Jaguars grieving the loss of J.T.
Townsend was set to begin an internship with the Jaguars this season
The Jacksonville Jaguars are making plans to honor a paralyzed football player who died Wednesday, three weeks after his last visit to the facility and just before beginning an internship with the team.
J.T. Townsend, paralyzed from the neck down during a high school game in 2004, spent countless hours getting to know Jaguars players over the years. He considered running back Maurice Jones-Drew and former Jaguars/current Houston Texans fullback Greg Jones close friends.
"We lost a friend today," Jaguars coach Gus Bradley said. "He was my kind of guy. Just visiting with him and talking with our team today in our team meeting I know he inspired many. It was truly a privilege to get to know him the short time that I did. A lot of guys on our team were close to him and then when I had a chance to meet him and just visit with him he just captured you.
"He just drew you in and just his attitude and the way he saw things, I wanted to be around him more and more. That's what happens when people are positive: you gravitate towards those types of people. And there's no doubt our whole team gravitated towards him."
Townsend attended practice May 15, visiting with Bradley and players, and then ate lunch with the team. The Jaguars had agreed to hire the 26-year-old as an intern, giving him a chance to work as a graphic designer and help create game-day programs.
Now, the team will recognize Townsend's family at a game and could do more in the next few weeks.
"It's just a real sad deal," Bradley said. "We'll grieve for a while and then we will end up celebrating all of the things that he's done for us and many people around this community. It's a tough day for our team and a tough day for me as well even the short time I had a chance to get to meet him."
Townsend was a senior strong safety and defensive captain at Episcopal High in Jacksonville when he injured his spine making a tackle. He had surgery to fuse vertebrae the following week, spent months on a ventilator and then eight years in a wheelchair.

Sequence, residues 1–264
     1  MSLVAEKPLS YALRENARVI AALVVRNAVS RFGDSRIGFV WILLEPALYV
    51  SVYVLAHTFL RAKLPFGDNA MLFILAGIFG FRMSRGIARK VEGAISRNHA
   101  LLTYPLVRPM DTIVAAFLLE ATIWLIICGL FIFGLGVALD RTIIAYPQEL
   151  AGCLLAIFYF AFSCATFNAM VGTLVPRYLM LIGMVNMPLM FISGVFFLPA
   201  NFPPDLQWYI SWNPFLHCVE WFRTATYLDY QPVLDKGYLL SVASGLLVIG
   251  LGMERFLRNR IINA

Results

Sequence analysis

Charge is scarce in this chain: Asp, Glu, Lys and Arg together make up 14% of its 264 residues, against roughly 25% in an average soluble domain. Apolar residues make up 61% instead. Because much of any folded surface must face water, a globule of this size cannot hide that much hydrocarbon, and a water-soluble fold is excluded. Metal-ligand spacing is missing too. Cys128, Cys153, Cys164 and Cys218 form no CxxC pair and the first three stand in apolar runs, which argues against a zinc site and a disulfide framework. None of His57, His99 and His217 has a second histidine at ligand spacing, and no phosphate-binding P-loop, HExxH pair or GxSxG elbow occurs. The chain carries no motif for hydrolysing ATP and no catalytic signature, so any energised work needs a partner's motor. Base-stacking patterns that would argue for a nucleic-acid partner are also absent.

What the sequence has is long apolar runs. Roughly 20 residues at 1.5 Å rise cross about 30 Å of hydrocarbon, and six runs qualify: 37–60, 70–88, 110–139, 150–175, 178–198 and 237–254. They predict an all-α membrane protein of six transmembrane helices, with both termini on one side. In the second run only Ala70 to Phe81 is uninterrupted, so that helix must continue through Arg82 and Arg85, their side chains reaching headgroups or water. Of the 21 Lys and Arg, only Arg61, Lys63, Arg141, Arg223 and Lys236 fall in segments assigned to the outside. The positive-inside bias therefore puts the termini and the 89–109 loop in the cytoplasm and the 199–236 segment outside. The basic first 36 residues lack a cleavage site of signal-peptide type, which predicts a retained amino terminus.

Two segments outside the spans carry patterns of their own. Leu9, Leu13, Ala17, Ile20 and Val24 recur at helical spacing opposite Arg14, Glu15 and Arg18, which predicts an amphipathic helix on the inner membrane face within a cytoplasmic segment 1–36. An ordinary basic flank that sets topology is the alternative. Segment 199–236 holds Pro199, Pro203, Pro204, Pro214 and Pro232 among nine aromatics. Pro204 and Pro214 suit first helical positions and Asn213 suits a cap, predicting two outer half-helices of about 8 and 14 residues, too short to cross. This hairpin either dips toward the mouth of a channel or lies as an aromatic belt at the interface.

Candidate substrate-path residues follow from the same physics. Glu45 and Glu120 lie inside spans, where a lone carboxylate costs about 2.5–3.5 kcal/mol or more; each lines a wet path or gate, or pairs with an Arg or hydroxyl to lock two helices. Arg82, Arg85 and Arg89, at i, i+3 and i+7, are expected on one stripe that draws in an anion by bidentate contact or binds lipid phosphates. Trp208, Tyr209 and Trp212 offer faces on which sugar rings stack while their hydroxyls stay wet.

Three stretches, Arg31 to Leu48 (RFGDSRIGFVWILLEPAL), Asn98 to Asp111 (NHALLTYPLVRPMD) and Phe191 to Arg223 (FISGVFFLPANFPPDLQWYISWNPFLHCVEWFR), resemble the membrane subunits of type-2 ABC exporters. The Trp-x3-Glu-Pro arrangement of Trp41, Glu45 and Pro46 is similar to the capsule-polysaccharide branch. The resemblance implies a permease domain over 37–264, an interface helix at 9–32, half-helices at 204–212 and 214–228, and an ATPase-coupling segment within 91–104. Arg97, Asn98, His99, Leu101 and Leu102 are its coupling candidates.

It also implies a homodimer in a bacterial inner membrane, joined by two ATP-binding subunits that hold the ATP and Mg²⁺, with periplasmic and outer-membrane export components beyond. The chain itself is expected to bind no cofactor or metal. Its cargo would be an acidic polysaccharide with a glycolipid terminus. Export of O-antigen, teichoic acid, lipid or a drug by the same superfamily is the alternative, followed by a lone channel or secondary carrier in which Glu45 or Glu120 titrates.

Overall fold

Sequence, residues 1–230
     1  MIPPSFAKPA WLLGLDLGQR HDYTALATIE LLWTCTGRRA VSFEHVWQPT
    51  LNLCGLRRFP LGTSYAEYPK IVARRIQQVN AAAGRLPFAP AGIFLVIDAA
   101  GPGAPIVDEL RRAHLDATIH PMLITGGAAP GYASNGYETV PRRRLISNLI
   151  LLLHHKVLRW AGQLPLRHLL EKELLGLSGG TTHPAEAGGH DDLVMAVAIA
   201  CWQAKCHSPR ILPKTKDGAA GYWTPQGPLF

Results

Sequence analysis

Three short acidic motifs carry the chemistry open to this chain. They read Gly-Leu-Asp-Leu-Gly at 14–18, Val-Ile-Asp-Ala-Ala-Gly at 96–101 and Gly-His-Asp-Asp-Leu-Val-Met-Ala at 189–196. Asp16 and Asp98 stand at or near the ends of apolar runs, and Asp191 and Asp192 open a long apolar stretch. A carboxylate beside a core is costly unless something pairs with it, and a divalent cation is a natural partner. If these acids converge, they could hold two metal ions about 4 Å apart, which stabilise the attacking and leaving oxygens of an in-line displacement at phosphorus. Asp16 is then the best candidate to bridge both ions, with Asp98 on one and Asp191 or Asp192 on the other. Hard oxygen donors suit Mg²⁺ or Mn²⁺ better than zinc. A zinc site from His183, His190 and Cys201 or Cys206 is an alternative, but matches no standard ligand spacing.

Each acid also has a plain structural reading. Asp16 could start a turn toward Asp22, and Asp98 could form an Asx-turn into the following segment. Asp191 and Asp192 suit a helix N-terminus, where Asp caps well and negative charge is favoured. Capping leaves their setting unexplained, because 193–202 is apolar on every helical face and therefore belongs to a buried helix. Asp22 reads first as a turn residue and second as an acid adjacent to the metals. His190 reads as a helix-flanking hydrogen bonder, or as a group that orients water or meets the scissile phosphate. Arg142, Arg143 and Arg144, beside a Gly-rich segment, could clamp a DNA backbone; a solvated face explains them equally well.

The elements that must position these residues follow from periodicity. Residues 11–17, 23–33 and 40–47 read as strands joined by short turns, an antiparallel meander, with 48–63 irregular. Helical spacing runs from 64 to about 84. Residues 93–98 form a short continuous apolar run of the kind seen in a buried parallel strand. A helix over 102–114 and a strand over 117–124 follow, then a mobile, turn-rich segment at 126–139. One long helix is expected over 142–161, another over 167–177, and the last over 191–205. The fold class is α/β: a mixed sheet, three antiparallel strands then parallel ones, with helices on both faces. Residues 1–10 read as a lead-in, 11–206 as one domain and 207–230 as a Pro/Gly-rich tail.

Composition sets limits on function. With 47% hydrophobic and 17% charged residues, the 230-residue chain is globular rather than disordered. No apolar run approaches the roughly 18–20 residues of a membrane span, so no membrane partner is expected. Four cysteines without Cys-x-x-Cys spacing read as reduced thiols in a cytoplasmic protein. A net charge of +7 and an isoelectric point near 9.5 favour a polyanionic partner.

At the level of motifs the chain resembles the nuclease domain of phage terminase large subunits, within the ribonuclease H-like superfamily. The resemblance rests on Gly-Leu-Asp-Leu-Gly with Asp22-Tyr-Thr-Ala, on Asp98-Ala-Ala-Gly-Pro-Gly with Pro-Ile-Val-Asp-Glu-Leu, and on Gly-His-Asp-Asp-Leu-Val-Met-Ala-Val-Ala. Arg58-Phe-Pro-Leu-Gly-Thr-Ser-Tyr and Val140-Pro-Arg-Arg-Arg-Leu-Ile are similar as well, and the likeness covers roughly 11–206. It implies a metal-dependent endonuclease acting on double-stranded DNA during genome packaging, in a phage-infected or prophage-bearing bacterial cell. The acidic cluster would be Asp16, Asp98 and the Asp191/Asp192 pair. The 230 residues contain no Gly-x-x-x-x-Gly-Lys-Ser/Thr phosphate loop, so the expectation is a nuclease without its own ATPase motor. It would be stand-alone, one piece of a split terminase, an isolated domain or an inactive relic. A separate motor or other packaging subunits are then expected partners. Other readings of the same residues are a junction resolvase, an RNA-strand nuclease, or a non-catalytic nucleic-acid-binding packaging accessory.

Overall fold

PGA Tour golfer Fred Funk was one of the family's biggest fundraisers early on, helping raise enough money to build a house equipped to take care of a quadriplegic.
In 2011, Townsend stared giving back. He created the J.T. Townsend Foundation, which raises money to provide medical equipment and assistance to others with disabilities in Northeast Florida.
He also graduated from college last month, getting a sports management degree at the University of North Florida after finishing a six-month internship with the Wounded Warrior Project.
He remained in close contact with his hometown Jaguars, attending practices, games and getting numerous players involved with his charity.
"He was just such a great guy to see here, knowing what he went through," center Brad Meester said. "He always had such an energy to him, always happy. A guy in that situation could be the other way, but he was always upbeat and excited about what was coming up the next day. It's just hard to hear what happened."
Bradley spoke to Townsend's grieving mother and delivered the news to most of the team at a morning meeting.
"It's shocking," receiver Cecil Shorts III said. "It's sad. He was truly an inspiration to all of us. No matter what, even though the situation he was in, he always had a smile on his face, always laughing, always in a good mood. He's truly in a better place now."
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